You may wonder what PJs have to do with Mad Men, and that would be a fair question. I have a confession–I’ve never actually seen Mad Men, so I can’t tell you for sure whether this is even slightly related to anything any character ever wears on that show.
But whenever I think of this period of time, I think of the old pattern illustrations from the classic men’s pajama patterns from that era. So pajamas it is!
These are the Carolyn Pajamas from Closet Case Files, and if pajama pants could ever be stylish and flattering, it’s these! When I first put them on, I thought for a second that I had made them a size too small because they felt fitted in the hip. After a few minutes I realized that they WERE in fact slightly fitted at the hip. At least more so than your average PJ pant.
And I actually love that. I love the comfort of pajama pants, but sometimes I feel like a slob when I wear them. These have just enough shape to avoid that.
I’m also pretty proud of my plaid matching in these PJs. Not because my plaid matching is particularly awesome but because I was a whole yard of fabric short when I was making these pajamas! Since I was worried that I wouldn’t have enough fabric to cut all the pieces out, let alone worry about plaid matching, I though I did a pretty freaking good job matching that plaid! The sewing gods were smiling on this project 🙂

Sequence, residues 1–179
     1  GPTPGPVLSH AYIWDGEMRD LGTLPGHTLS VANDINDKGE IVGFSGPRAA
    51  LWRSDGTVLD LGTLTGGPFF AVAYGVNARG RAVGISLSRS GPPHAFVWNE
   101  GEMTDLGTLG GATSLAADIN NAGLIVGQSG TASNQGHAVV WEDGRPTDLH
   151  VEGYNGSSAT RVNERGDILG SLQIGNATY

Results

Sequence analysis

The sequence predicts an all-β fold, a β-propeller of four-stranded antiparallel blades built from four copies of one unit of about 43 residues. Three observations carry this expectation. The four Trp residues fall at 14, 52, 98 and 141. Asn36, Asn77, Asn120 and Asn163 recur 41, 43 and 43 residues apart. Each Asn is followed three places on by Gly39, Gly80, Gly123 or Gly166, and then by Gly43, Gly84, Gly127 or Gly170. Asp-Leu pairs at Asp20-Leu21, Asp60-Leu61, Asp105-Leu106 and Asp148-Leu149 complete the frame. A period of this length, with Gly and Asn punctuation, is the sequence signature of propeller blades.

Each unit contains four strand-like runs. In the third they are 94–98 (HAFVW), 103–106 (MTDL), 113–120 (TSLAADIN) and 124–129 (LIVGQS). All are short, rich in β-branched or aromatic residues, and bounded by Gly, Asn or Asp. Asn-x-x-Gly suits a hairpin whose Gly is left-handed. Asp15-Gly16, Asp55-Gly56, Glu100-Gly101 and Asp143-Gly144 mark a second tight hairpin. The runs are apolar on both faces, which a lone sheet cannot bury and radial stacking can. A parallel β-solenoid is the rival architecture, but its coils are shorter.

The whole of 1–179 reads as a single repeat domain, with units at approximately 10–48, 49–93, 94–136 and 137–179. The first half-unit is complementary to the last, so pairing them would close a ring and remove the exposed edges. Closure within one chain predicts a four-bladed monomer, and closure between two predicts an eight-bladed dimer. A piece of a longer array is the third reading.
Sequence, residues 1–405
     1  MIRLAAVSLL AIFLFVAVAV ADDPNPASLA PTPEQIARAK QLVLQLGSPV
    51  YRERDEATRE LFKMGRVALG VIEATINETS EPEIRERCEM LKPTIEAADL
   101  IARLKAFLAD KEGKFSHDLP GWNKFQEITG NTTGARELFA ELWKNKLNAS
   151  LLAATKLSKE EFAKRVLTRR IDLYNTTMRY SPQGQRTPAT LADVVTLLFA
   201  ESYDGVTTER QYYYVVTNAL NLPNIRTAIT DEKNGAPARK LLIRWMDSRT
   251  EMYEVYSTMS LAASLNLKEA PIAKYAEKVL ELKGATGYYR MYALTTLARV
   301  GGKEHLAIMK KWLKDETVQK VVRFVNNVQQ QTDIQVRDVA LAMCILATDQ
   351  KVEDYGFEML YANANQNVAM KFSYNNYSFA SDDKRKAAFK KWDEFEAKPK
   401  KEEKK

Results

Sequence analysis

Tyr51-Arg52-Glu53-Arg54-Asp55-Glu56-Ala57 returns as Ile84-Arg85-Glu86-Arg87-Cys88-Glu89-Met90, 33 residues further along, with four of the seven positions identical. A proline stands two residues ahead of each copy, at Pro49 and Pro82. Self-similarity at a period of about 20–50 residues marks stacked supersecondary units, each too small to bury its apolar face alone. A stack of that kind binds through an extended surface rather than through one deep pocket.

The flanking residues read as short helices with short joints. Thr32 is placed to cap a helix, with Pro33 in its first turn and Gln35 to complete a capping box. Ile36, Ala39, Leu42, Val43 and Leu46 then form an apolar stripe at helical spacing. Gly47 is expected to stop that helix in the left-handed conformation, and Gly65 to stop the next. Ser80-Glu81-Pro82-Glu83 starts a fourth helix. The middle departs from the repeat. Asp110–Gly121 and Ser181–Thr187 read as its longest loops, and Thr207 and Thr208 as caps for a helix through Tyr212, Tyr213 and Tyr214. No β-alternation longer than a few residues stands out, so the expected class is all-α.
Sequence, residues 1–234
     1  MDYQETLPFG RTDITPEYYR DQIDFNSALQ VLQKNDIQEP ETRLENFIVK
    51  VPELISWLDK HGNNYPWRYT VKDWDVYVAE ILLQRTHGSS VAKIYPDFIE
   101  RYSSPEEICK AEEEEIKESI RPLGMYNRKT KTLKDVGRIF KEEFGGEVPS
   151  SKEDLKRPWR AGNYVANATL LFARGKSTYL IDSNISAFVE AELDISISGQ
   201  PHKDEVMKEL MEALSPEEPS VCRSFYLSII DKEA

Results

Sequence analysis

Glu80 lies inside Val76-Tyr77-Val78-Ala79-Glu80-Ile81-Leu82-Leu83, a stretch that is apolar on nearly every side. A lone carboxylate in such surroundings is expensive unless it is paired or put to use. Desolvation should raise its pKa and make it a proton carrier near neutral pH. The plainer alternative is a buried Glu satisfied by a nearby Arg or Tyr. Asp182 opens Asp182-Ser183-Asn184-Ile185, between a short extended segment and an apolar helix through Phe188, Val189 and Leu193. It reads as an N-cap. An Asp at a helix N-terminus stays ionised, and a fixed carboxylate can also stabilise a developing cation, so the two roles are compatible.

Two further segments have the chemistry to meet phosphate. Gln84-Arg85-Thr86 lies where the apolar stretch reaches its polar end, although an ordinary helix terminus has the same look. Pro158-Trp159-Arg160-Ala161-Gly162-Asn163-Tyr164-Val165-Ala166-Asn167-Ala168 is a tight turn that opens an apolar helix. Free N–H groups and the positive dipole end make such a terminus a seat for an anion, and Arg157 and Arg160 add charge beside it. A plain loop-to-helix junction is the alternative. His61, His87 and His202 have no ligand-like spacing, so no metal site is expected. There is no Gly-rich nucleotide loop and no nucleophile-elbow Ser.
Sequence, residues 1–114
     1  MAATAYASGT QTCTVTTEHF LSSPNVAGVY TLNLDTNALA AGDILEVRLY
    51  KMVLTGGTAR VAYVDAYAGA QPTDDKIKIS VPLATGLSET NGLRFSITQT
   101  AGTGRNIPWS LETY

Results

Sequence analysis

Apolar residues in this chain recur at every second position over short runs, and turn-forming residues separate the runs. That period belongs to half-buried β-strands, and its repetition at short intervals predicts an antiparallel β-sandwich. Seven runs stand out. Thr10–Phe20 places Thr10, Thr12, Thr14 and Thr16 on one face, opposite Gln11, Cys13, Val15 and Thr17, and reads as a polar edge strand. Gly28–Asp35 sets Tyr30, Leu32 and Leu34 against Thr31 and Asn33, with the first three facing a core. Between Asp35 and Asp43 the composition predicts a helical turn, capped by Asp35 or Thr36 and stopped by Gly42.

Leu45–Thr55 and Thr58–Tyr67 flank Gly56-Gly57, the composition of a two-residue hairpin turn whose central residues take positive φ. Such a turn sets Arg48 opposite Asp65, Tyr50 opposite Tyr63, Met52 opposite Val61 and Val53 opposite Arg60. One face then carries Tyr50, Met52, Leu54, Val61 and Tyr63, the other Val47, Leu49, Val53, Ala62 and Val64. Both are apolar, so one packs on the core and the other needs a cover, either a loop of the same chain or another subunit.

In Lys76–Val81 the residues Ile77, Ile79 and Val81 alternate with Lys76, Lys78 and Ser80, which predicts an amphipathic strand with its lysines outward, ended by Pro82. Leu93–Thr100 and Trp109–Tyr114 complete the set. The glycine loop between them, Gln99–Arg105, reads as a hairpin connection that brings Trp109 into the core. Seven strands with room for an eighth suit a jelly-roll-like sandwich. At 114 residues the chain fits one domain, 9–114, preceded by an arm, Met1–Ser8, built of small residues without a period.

This is a cotton flannel shirting from Cali Fabrics, and it worked famously for a cozy pair of winter PJs.
Pattern: Carolyn Pajamas by Closet Case Patterns.
Price: $14.00 USD.
Difficulty: Intermediate. The pants are probably beginner-friendly, but there are a lot of details on the top.
Techniques Required: Fitting pants (if necessary), Sewing facings, setting in sleeves, sewing lapels, sewing buttonholes.
Similar Patterns: There are any number of Big 4 patterns, but I don’t know of any other indie patterns for this particular style of menswear inspired pajamas.
Fabric: Cotton flannel shirting from Cali Fabrics.
Fit: Excellent. I always get a great fit from Closet Case patterns, and this was no exception. I particularly like the fit on the pants.
Modifications: None to the pattern, though I did modify how I constructed the lapels and collar. I didn’t care for the method included, so I drafted a back facing, and did a facing all around to attach the collar and lapels.
Pattern format: I have the PDF, though it is now available in print. The PDF is a beast! Though Heather does break up the pattern into several different files for the various views, so you don’t have to print 100+ pages — you just print the pieces and views that you need.
- Great fit, designed specifically for a woman’s body.
- Classic PJs will never go out of style.
- Versatile — you can make them warm and cozy in flannel like I did or make the shorts with short-sleeves in a lightweight cotton lawn for summer.
- These go together pretty easily but really look like you put a lot of effort into them.
- The top is versatile and stylish enough that it could easily be worn out and about if styled correctly.
- I don’t care for the construction of the collar and lapels. I drafted my own back facing, which I think is much nicer.
- The fit on the pants will feel tight to some. I love how they fit, but they are more fitted than your “typical” PJ pant.
Overall Grade: B. This is my standard grade for what I consider to be a really well-done pattern that’s worth its value. This is a solid pattern that I would definitely recommend.